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Mocking the Meat It Feeds On: Representing Sarah Churchill's Hystericks in Addison's Rosamond Luis R. Gámez ? Modern readers of Joseph Addison's opera Rosamond—like those audiences of its few 1 707 Drury Lane performances—tend to view it as a light, pleasing confection, one of several preHandel Italianate operas (that is, arias and recitatives all sung in English) that invaded London in the early eighteenth century. Dr. Johnson's assessment speaks for many: The subject is well-chosen, the fiction is pleasing, and the praise of Marlborough ... is, what perhaps every human excellence must be, the product of good-luck improved by genius. The thoughts are sometimes great, and sometimes tender; the versification is easy and gay. . . . The whole drama is airy and elegant; engaging in its process, and pleasing in its conclusion. If Addison had cultivated the lighter parts of poetry he would probably have excelled.1 The action centers upon Henry II's affair with his lovely mistress Rosamond Clifford, whom he keeps at Wood-stock Park in Oxfordshire , in a bowery maze of Daedalian intricacy. The jealous queen Eleonora seeks out Rosamond and, offering to murder the young beauty, presents her with a dagger and a poisoned cup. Rosamond drinks from the cup and presumably dies, though actually only drugged; she is carried off to a neighboring convent where she will live her days atoning for her and Henry's sins. King and Queen are reconciled, and all ends well. Some lighthearted action is provided by Rosamond's guardian Sir Trusty and his marital squabbles with wife Gridclinc—squabbles which mirror the king and queen's. Johnson's "good-luck improved by genius" points to the public context for Addison's design which all contemporary audi270 Luis R. Gómez271 enees would have assumed: Henry is meant to emblematize the Duke of Marlborough, England's national hero for his victories in the War of the Spanish Succession. Addison's best praise comes in a spectacular scene in the last act: King Henry dreams in the bower and—like Aeneas in the underworld, or Adam in Paradise Lost—has a vision of the future glory of England. A patriotic typology is at work here: Wood-stock Park, the setting of the Rosamond legend, happened to be the site of the new estate , Blenheim, that Queen Anne gave the Duke as a reward for his stupendous victory on the field of Blenheim on the Danube in 1704.: The spectators see a prospect of the modern Blenheim palace (at that time being completed for Marlborough) arise as part of Henry's vision of "A thousand glorious Deeds that lye/ In deep Futurity obscure."1 One part of the opera, though, leaves Johnson baffled, and that is Addison's dedication oí Rosamond to Sarah Jennings Churchill, Duchess of Marlborough—"a woman," he sneers, "without skill or pretensions to skill in poetry or literature"; for Dr. Johnson, Addison's ridiculous dedication is "an instance of servile absurdity ."4 I believe, however, that a meaningful interpretation can be found not in a public but in a private context: Addison's interest in hysterica pathi and particularly in the culturally constructed hysteria accepted by the friends and lovers of Sarah Churchill. Here I will present some account of that construed hysteria as it reflected Sarah's troubled emotional state in the years 1703-04; I suggest that Addison's Rosamond, besides complimenting the military prowess of the Duke of Marlborough in the War of the Spanish Succession, is designed to allegorize Sarah's passionate, heroic struggle with conflicting feelings ofjealousy and conjugal devotion. In his operatic representation of Sarah Churchill, I believe, Addison cautions against the dangerous intrusions of perceived female hysteria upon vital English interests; he presents a scene in which corrosive private hystericks and marital disfunctions threaten to leach into the groundwater of public affairs. II The spring of 1703 was the first emotional crisis for Sarah Churchill, for on 20 February her son Jack died of smallpox; he was the Marquis of Blandford, seventeen years old and the heir to the dukedom. Grief afflicted both parents, but maybe affected Sarah the most: she was rumored to have...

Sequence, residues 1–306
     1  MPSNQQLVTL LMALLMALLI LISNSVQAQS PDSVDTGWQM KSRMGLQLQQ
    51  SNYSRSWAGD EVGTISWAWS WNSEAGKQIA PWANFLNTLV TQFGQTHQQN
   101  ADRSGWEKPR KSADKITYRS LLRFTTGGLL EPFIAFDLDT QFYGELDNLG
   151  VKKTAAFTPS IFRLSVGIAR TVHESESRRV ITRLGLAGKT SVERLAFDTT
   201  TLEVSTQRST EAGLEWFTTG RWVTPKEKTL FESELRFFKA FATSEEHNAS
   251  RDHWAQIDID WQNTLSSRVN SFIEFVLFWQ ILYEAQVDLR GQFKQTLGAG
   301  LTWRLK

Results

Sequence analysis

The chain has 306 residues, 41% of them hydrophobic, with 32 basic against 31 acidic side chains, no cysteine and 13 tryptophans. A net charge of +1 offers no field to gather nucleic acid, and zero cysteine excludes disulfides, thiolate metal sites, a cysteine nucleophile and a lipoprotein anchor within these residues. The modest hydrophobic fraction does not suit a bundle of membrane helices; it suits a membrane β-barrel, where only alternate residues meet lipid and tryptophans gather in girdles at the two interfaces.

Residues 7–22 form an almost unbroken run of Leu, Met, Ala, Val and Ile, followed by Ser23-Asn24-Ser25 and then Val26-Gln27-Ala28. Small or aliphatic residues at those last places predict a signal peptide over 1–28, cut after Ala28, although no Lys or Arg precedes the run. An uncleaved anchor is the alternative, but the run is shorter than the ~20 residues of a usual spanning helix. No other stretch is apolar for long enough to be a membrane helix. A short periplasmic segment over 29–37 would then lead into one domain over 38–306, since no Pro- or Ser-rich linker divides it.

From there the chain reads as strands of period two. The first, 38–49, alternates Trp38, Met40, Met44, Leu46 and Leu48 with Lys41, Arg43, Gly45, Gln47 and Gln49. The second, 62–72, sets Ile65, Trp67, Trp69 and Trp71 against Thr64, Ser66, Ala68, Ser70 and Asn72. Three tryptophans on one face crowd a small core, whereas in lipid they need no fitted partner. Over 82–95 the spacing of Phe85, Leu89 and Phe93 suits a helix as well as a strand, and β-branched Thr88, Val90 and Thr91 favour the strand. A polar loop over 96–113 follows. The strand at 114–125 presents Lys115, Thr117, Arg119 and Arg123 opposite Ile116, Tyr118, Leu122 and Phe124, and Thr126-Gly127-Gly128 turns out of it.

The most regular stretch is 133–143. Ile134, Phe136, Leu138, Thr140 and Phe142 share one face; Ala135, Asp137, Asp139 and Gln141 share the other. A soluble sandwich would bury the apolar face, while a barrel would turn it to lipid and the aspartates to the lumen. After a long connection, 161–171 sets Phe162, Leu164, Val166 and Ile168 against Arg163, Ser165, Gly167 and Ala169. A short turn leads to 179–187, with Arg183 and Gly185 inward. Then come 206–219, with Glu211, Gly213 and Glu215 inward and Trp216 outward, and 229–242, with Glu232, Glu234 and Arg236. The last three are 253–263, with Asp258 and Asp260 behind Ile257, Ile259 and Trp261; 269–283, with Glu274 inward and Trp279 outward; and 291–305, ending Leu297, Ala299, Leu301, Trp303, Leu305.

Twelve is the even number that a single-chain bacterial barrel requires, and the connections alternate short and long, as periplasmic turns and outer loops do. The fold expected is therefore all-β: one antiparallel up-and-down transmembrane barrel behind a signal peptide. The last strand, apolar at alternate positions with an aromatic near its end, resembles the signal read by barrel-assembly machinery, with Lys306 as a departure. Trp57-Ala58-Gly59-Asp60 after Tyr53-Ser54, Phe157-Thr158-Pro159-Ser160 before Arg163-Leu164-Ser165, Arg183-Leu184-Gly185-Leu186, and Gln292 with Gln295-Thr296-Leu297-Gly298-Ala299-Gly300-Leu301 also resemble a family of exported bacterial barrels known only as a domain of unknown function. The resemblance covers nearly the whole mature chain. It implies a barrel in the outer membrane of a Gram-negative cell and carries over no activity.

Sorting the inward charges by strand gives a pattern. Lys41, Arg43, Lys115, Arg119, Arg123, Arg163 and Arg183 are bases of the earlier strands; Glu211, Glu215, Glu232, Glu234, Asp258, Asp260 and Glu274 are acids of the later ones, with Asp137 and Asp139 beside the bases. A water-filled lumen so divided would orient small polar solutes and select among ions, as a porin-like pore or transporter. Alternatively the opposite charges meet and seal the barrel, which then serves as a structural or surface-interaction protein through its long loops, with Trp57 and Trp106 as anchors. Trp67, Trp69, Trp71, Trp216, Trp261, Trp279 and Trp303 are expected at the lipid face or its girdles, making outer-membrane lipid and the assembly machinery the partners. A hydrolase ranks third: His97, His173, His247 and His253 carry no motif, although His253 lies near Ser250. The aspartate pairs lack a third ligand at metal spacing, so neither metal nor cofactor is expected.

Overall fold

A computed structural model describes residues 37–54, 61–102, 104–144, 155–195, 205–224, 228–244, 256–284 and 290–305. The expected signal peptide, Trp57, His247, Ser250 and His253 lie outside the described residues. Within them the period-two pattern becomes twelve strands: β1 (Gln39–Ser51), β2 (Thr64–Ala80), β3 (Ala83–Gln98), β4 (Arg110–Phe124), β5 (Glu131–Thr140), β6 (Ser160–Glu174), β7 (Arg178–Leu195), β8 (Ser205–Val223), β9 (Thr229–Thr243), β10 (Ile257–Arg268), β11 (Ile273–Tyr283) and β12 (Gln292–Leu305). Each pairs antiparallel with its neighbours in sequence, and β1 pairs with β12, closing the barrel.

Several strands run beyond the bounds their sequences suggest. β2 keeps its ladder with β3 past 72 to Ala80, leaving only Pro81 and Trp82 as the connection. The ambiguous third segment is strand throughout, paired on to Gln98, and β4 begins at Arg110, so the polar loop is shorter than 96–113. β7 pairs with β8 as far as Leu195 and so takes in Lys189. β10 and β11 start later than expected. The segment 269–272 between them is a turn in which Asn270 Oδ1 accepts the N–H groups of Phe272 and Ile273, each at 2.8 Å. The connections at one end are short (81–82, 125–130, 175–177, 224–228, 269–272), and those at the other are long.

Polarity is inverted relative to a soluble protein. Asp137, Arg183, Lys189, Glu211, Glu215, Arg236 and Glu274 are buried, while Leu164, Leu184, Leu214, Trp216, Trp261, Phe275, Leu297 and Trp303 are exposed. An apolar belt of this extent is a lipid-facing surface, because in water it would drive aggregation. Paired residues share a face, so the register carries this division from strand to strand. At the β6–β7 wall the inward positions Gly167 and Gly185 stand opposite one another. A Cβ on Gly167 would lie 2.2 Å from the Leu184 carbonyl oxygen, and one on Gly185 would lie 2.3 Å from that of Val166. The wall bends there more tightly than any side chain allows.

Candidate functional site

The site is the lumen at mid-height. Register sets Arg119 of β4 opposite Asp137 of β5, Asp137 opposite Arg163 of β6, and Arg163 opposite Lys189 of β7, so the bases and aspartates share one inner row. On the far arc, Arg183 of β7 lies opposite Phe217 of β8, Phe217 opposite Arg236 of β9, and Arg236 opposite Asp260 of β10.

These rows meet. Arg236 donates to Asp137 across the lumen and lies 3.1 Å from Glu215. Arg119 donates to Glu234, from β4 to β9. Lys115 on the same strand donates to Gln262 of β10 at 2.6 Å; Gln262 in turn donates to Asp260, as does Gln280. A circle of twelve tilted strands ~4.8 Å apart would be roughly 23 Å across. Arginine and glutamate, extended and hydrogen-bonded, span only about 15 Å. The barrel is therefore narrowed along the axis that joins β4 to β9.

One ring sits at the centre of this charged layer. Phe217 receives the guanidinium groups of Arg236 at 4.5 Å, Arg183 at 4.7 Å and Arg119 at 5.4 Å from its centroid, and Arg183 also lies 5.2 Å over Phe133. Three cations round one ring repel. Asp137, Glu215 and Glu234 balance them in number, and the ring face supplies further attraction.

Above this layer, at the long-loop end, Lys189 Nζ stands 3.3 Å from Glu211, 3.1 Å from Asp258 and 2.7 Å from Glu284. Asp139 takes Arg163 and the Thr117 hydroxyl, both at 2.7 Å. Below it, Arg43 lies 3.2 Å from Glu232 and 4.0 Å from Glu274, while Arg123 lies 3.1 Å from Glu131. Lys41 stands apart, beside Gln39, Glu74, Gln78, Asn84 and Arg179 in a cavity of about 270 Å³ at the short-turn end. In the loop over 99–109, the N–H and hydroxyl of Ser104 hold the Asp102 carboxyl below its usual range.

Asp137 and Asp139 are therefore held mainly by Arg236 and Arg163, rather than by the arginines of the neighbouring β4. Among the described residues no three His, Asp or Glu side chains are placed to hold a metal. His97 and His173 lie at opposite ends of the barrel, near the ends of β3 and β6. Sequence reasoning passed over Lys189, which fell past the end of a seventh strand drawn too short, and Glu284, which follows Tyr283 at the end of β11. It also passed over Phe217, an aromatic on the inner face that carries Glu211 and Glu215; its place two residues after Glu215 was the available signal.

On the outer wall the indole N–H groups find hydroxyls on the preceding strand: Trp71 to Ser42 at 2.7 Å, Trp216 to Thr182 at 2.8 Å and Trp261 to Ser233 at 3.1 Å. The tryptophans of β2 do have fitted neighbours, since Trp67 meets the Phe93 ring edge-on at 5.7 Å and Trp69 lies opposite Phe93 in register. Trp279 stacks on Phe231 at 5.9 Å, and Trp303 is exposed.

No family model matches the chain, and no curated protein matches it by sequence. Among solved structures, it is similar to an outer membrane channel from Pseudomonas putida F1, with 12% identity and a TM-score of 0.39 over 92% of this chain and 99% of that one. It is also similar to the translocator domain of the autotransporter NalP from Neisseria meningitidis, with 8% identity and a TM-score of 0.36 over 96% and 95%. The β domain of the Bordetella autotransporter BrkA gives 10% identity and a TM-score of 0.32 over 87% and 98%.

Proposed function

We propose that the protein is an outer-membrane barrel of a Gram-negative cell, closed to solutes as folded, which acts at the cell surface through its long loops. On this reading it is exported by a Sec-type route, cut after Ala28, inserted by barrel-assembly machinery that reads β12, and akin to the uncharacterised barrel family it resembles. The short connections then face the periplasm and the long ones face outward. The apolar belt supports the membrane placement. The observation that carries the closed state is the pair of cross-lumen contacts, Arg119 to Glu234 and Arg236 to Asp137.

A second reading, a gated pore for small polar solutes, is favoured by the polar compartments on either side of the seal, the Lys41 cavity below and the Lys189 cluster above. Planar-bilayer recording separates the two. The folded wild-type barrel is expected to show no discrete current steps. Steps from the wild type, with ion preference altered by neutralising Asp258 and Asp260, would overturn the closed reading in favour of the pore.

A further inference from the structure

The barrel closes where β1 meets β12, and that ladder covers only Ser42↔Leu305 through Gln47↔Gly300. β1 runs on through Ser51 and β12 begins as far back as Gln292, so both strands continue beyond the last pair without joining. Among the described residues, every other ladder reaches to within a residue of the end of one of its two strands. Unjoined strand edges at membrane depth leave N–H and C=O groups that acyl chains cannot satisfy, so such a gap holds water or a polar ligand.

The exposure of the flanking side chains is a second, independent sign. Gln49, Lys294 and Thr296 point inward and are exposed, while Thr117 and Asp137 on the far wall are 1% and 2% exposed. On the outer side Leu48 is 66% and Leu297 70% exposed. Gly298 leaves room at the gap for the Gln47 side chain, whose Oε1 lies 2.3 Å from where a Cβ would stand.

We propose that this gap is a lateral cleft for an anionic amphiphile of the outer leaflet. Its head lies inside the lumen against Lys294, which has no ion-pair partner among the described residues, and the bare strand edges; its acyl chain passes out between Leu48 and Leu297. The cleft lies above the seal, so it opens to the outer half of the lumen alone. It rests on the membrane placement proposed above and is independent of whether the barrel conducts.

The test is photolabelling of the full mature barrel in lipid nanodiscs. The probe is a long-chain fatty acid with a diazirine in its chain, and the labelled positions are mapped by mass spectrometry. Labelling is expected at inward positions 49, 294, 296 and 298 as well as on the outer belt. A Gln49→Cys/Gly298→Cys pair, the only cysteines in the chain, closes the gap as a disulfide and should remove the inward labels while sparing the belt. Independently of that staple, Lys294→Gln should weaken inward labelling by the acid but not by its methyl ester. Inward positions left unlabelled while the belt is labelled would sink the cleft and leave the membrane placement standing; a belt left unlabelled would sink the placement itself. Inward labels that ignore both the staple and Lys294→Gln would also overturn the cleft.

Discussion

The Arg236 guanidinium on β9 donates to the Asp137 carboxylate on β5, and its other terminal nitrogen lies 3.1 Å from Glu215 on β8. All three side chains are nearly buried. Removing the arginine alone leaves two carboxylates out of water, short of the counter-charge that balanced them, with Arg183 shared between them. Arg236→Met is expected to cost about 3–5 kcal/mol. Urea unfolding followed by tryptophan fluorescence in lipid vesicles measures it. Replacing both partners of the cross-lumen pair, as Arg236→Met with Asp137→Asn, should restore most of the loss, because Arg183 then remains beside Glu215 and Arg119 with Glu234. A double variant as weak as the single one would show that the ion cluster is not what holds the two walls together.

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Additional Information

ISSN
1936-1637
Print ISSN
0010-4078
Pages
pp. 270-285
Launched on MUSE
2016-10-05
Open Access
No
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